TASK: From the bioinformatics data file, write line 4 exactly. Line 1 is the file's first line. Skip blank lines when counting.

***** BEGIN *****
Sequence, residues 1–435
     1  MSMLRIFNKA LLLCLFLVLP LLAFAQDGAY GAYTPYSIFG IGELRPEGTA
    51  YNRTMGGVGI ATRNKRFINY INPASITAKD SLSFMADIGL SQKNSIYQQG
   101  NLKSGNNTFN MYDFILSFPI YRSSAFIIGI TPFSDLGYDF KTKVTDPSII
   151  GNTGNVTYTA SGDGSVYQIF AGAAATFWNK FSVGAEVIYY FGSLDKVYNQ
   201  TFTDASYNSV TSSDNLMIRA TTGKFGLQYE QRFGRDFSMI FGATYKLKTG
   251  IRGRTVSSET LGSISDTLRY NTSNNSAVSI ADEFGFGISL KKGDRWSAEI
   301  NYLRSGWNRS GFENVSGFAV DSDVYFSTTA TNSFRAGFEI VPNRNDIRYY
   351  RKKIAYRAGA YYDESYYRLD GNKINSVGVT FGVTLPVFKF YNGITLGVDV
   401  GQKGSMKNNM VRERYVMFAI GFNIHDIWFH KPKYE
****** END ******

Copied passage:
   101  NLKSGNNTFN MYDFILSFPI YRSSAFIIGI TPFSDLGYDF KTKVTDPSII